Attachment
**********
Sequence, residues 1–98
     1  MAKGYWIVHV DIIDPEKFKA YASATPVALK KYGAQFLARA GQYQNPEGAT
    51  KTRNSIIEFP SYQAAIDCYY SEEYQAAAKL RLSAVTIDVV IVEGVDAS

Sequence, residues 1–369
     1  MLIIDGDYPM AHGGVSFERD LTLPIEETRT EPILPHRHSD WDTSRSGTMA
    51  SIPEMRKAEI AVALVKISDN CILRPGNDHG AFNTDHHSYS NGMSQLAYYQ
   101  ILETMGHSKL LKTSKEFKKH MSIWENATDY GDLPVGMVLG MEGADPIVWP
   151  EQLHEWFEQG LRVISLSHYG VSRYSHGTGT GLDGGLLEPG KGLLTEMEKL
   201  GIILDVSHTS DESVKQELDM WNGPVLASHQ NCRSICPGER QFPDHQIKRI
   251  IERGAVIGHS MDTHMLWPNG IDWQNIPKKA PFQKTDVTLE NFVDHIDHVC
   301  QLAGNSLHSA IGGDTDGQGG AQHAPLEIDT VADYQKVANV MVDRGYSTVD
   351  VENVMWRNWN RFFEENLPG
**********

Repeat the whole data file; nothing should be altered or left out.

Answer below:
Sequence, residues 1–98
     1  MAKGYWIVHV DIIDPEKFKA YASATPVALK KYGAQFLARA GQYQNPEGAT
    51  KTRNSIIEFP SYQAAIDCYY SEEYQAAAKL RLSAVTIDVV IVEGVDAS

Sequence, residues 1–369
     1  MLIIDGDYPM AHGGVSFERD LTLPIEETRT EPILPHRHSD WDTSRSGTMA
    51  SIPEMRKAEI AVALVKISDN CILRPGNDHG AFNTDHHSYS NGMSQLAYYQ
   101  ILETMGHSKL LKTSKEFKKH MSIWENATDY GDLPVGMVLG MEGADPIVWP
   151  EQLHEWFEQG LRVISLSHYG VSRYSHGTGT GLDGGLLEPG KGLLTEMEKL
   201  GIILDVSHTS DESVKQELDM WNGPVLASHQ NCRSICPGER QFPDHQIKRI
   251  IERGAVIGHS MDTHMLWPNG IDWQNIPKKA PFQKTDVTLE NFVDHIDHVC
   301  QLAGNSLHSA IGGDTDGQGG AQHAPLEIDT VADYQKVANV MVDRGYSTVD
   351  VENVMWRNWN RFFEENLPG